Livermore, New Hampshire 03812Kancamagus Highway website
The Kancamagus Highway, also known as “The Kanc,” is often misspelled and mispronounced Kangamangus Highway, Kangumangus Hiway or Kancamangus Highway. The correct way to pronounce Kancamagus is “Kank-ah-mah-gus.”
The Kancamagus Highway is a 34.5-mile scenic drive along NH’s Rt. 112 in Northern New Hampshire that is well known as one of the best Fall Foliage viewing areas in the country. The Kancamagus Highway is now designated an American Scenic Byway for its rich history, aesthetic beauty and culture.
The Kancamagus Scenic Byway takes you through a path cut through the White Mountain National Forest with breathtaking views of the White Mountains, the Swift River, Sabbaday Falls, Lower Falls and Rocky Gorge. The Kanc takes you to an elevation of just under 3,000 feet at its highest point at Kancamagus Pass on the flank of Mt. Kancamagus near Lincoln, NH.
Every year, rain or shine leaf peepers show up in full force to drive the Kancamagus Highway just to get a glimpse of the brilliant colored NH Fall Foliage. Visitors are also greeted with the deep forest smells of the pines and changing leaves, especially on a warm Fall day. Even the rain can offer a unique experience on the Kancamagus Scenic Byway.
The drive along the Kancamagus Highway takes you back in time as you drive through a forest that offers no comforts of the modern day world; no gas stations, no restaurants, hotels or other businesses have pierced their way into the heart of the Kancamagus Highway. Those luxuries are left behind at both ends of the scenic byway but well within reach when needed.
The Kancamagus Highway also offers 6 Campgrounds for those who want to spend more time on the Kancamagus Scenic Byway. Bring your family on a camping trip they will not soon forget. Enjoy the wilderness and explore the forest on the numerous Hiking Trails through the White Mountain National Forest.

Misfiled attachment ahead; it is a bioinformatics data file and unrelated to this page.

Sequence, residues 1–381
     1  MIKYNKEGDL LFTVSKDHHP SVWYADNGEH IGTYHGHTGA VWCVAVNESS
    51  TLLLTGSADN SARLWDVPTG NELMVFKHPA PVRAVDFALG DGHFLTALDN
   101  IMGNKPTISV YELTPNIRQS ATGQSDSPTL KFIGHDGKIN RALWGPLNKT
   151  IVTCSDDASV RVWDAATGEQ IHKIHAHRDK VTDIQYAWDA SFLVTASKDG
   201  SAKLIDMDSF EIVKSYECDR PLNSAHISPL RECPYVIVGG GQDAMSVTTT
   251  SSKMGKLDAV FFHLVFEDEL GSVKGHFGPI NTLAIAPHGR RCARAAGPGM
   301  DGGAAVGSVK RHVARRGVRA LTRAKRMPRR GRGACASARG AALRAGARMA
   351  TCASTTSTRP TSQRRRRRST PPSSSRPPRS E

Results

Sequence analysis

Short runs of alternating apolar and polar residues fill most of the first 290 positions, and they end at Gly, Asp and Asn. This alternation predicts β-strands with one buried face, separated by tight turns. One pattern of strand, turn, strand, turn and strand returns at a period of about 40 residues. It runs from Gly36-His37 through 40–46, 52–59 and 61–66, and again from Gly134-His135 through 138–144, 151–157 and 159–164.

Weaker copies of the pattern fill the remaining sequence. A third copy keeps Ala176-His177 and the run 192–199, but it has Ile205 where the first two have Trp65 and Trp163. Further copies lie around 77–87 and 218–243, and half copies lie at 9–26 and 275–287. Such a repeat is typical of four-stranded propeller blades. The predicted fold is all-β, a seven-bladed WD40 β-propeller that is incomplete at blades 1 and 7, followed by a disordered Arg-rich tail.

If camping isn’t your style, there is an abundance of other Accommodations Near The Kancamagus Highway.
If you are planning to visit the Kancamagus Highway, be sure to take in the rich History of the Kancamagus before you go, it will give you a much better appreciation of this historical Indian land, the people who settled here centuries ago and the hard work the loggers and railroad workers endured that brings us this now fascinating highway and undeveloped land.
The Kancamagus Highway is also often misspelled and mispronounced “Kangamagus Highway” and “Kangamangus Highway.” Also known as the Kancamagus Scenic Byway.
See all hotspots at White Mountain National Forest
In the decades prior to 1911, the unregulated logging practices of private timber companies in the White Mountains had resulted in a damaged landscape susceptible to both fire and flood. Fires had burned thousands of acres, and flash floods affected the water power necessary to the mills of major industrial centers downstream, such as Manchester, New Hampshire, and Lowell, Massachusetts. Concerns over losses to industry, business, and tourism, and the growing conservation movement led to citizen action. The Appalachian Mountain Club (AMC) and Society for Protection of New Hampshire Forests (SPNHF) spearheaded an effort to ensure the permanent protection of the White Mountains from further depredation. After years of lobbying and intense public pressure, Senator John Weeks of Massachusetts, a native of Lancaster, New Hampshire, introduced legislation that became known as the Weeks Act. The Weeks Act was passed by Congress in 1911, appropriating 9 million dollars to purchase 6 million acres of land in the Eastern U.S. In turn, this led to the creation of the White Mountain National Forest (WMNF) in 1918, and twenty-one other national forests throughout the north and southeast. Many of the groups who were instrumental in the passage of the Weeks Act, including the SPNHF and the AMC, are still active today, and the WMNF has grown from 7,000 acres to almost 800,000. Today, the reforested mountains and hillsides supply forest products and provide magnificent recreational opportunities while maintaining healthy watersheds and ecosystems.